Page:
Religion occupies a central place in the spiritual lives of many African on the continent. In all its different strands, the role it performs in fostering and maintaining social order is ineluctable. It transcends this functional role as it is also a major source of bringing in money — particularly with the Christian and Islamic strands of religious faith.
But of particular focus here is Christianity because of the huge numbers of followers it commands on the continent.
The existence of tithing in Christian churches is a call towards congregants so that they can part with a portion of their earnings as a sign of their gratitude and for the greater cause of the faith. It is a practice that Christian adherents are fiercely loyal to and failure to comply with attracts perceptions of scorn and a lack of seriousness.
Because of the individualistic nature of churches that has engulfed much of Christian denominations, some people are losing trust in the practice of paying their tithes as they suspect (with much conviction) that some of these funds are being misappropriated for private gain. Church leaders sometimes operate in shady manners that betray their illicit use of such funds.
For churches with big attendances, tithes constitute a significant source of revenues for the operations of such churches. But in some instances, they become too alluring to resist for the church leaders as they turn such revenues into their own for personal gain.
Churches are voluntary organizations (or common-law Universitas) and as such, they cannot be taxed by governments. And it makes sense. There is obviously no need to place mandatory state obligations on voluntary organizations because this defeats the whole essence of a “voluntary organization”. They are free to act in a manner desirous to their interests — as long as this is in line with such an organization’s Constitution.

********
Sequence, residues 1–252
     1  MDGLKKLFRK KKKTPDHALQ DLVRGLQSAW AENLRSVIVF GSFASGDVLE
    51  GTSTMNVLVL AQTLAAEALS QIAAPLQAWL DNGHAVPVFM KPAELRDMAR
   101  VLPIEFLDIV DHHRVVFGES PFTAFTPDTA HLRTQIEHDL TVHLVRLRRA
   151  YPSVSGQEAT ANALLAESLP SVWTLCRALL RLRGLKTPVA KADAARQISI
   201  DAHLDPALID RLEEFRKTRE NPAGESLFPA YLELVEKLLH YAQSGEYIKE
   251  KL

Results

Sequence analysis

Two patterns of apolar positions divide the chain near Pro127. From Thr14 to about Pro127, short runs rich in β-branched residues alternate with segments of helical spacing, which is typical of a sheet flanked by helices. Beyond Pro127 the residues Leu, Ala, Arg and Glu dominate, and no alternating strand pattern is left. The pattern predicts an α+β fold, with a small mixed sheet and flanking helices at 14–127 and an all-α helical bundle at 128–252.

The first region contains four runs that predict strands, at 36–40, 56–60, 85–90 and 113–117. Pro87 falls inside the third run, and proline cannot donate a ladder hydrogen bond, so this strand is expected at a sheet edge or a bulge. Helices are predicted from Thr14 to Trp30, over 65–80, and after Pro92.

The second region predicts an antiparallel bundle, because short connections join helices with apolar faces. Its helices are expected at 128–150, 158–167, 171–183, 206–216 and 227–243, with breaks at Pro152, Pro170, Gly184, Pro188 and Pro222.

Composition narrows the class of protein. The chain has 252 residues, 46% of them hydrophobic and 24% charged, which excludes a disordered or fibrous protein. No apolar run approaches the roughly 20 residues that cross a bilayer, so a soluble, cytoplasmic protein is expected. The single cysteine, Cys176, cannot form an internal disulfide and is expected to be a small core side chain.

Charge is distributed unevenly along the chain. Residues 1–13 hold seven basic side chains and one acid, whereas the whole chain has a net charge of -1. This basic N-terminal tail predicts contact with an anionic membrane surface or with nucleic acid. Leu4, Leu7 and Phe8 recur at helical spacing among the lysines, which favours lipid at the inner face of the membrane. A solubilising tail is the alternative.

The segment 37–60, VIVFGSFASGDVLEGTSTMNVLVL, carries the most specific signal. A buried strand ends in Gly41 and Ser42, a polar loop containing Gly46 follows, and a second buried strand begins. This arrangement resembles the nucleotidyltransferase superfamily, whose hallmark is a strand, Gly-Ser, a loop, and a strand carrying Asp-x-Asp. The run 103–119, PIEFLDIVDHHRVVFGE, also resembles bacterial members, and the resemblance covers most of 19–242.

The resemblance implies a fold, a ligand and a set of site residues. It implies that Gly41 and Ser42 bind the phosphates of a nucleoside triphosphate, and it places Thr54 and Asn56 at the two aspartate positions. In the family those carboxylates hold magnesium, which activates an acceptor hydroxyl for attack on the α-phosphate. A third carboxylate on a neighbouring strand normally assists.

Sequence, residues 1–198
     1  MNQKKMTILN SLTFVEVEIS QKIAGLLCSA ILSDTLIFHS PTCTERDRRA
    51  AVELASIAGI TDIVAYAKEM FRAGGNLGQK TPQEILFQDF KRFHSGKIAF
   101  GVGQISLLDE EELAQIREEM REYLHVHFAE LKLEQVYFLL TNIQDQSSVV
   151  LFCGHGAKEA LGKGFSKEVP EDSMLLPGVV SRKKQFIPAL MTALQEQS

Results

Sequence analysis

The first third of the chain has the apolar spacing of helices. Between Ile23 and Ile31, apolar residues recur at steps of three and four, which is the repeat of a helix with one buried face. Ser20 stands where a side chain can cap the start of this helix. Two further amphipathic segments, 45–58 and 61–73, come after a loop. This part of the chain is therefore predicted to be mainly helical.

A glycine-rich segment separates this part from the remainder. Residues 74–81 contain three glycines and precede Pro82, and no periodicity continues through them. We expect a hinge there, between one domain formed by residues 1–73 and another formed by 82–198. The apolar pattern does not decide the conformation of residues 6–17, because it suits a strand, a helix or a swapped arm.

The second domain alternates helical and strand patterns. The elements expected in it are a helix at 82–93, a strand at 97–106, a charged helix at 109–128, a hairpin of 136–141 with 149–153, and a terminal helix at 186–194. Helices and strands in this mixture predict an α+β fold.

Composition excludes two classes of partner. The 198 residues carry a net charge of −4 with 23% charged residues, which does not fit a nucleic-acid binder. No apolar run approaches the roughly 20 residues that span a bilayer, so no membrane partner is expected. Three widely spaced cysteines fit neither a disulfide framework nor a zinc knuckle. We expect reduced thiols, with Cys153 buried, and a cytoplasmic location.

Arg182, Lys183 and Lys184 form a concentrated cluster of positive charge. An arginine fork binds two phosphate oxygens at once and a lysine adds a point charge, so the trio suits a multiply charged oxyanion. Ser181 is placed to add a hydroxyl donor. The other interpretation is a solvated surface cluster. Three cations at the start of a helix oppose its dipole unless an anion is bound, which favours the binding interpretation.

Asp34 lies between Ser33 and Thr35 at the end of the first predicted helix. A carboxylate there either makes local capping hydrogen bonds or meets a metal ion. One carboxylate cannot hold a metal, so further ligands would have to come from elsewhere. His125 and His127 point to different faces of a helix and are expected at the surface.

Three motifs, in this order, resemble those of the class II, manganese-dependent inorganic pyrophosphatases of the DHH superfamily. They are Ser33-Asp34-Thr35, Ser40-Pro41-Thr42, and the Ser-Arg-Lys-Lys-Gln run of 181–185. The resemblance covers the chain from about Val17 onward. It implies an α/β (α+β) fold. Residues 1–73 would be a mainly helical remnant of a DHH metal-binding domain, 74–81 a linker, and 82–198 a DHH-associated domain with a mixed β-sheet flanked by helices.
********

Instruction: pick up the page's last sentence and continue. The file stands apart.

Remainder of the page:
However, with the dominance of neoliberal capitalism on the church, it has become imperative for churches to realize that they owe the public a duty of taking care of the vulnerable in society. As states in Africa continuously retreat from their primary obligations in social welfare — a key tenet of neoliberalism — churches are also following in line as they are privatizing money that comes from sources such as tithes. Less of such money is being used for taking care of the society’s less privileged.
States have made it clear that they will continuously take a minimalist role from the economy and as such churches would do well by filling such a role. This would be immensely helpful as some churches collect huge sums of money through tithes.
Creating social safety nets especially for the less privileged in critical areas such as healthcare and education will go a long way in improving the material reality of millions of Africans who are pushed to the precipice of abject poverty by neoliberal austerity.
Instead of church leaders accumulating fancy cars, designer clothes, mansions, and all other luxuries that capitalism can offer, using such money for the public’s interest is a nobler cause.
Christianity in Africa would do well by retaining its liberation status — not creating cults of personality in church leaders or creating celebrity church leaders (Christianity has to defeat the narcissism that comes with neoliberalism).
Tithes can be used for shielding the public against the vicissitudes of poverty. This would be a greater cause, without a doubt.